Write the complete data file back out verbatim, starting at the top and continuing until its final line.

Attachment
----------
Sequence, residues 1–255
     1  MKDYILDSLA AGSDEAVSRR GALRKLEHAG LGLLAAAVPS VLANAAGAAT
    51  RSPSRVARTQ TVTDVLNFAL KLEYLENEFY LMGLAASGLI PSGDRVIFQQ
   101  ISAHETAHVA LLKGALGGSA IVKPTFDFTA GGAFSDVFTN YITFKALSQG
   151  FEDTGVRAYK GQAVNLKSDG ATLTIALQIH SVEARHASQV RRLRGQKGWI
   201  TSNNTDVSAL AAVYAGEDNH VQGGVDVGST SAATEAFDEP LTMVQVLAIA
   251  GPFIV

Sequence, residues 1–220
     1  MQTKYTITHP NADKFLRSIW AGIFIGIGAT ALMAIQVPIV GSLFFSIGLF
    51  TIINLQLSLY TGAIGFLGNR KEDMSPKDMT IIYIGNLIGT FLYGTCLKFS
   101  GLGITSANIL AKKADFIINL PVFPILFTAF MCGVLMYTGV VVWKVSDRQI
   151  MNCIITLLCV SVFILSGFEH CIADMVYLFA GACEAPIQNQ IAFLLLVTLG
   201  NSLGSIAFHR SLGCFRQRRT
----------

Sequence, residues 1–255
     1  MKDYILDSLA AGSDEAVSRR GALRKLEHAG LGLLAAAVPS VLANAAGAAT
    51  RSPSRVARTQ TVTDVLNFAL KLEYLENEFY LMGLAASGLI PSGDRVIFQQ
   101  ISAHETAHVA LLKGALGGSA IVKPTFDFTA GGAFSDVFTN YITFKALSQG
   151  FEDTGVRAYK GQAVNLKSDG ATLTIALQIH SVEARHASQV RRLRGQKGWI
   201  TSNNTDVSAL AAVYAGEDNH VQGGVDVGST SAATEAFDEP LTMVQVLAIA
   251  GPFIV

Sequence, residues 1–220
     1  MQTKYTITHP NADKFLRSIW AGIFIGIGAT ALMAIQVPIV GSLFFSIGLF
    51  TIINLQLSLY TGAIGFLGNR KEDMSPKDMT IIYIGNLIGT FLYGTCLKFS
   101  GLGITSANIL AKKADFIINL PVFPILFTAF MCGVLMYTGV VVWKVSDRQI
   151  MNCIITLLCV SVFILSGFEH CIADMVYLFA GACEAPIQNQ IAFLLLVTLG
   201  NSLGSIAFHR SLGCFRQRRT